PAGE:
Participants of the program, all of who were 60 or above, reported having found the lost meaning of their lives and agreed to practice positivity as a daily habit after that.
A List of Positive Psychology Interventions
The purpose of positive psychology, as announced by Dr. Carol Kauffman (2006), is to “develop sound theories of optimal functioning and to find empirically supported ways to improve the lives of ordinary and extraordinary people.”
And PPIs are the means to achieve this goal and invite happiness back in our lives. Out of the heaping PPIs that mental health professionals use today, here is a run-down of some of the popular ones that you might find useful.
The Imagined Self Technique
Imagined self is a guided PPI that involves imagining your ideal self and feeling the joy that you would have felt then. Research showed that this exercise acts as a catalyst and provokes people to enact on achieving the life they want to live and derive utmost pleasure like they imagined they would (Sheldon & Lyubomirsky, 2006).
The steps are simple:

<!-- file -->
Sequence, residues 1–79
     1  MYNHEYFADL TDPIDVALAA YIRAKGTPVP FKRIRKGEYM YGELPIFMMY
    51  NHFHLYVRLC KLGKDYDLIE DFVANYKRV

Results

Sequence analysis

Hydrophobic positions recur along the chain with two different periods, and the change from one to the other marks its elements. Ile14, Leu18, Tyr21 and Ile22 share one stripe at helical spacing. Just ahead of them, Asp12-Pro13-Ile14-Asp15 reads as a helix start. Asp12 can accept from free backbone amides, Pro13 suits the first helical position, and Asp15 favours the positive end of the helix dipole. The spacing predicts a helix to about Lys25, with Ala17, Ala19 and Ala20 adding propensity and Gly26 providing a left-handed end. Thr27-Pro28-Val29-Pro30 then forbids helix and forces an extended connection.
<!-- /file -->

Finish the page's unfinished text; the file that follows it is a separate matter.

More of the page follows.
- Imagine yourself in the future, living the life you have dreamt of – with all the people you want to share it with.
- Imagine that you achieved everything that you are struggling for now, and you are proud of your achievements.
- Immerse yourself into that imagined self of yours and try to impersonate the happiness and positivity that you think you might feel then.
- Next, ask yourself what you can do to get to that stage in life, and journal your responses.
Positive psychology is secular in all aspects. It gives equal importance to quantitative analyzes like depression and happiness scales, and at the same time also embraces qualitative and self-enhancing practices like yoga, meditation, and mindfulness.
It envelops Buddhist principles of mindfulness and fosters spiritual liberation through yoga postures and meditation (Cerezo, Ortiz-Tallo, Cardenal, & De La Torre-Luque, 2014; Cohn, Pietrucha, Saslow, Hult, & Moskowitz, 2014). Any yoga practice, be that flow meditation, hatha yoga, or other popular methods, renders a relaxing feeling to the mind and the body and is a feasible way to enhance subjective feelings of wellness.
If you are a beginner, here is a snippet of some positivity enhancing yoga techniques that you can follow.
Yoga for self-doubt
Positive energy-boosting yoga
Meditation for positivity
Yoga for self-confidence
Holding on to grudges and complaints sucks out our inner peace and prosperity. A beautiful positive psychology intervention that we can follow as a daily practice and imbibe into our personality is the art of forgiving.
This exercise helps us to free ourselves from past resentments and focus on life in a brand new way. And the practice is uber simple.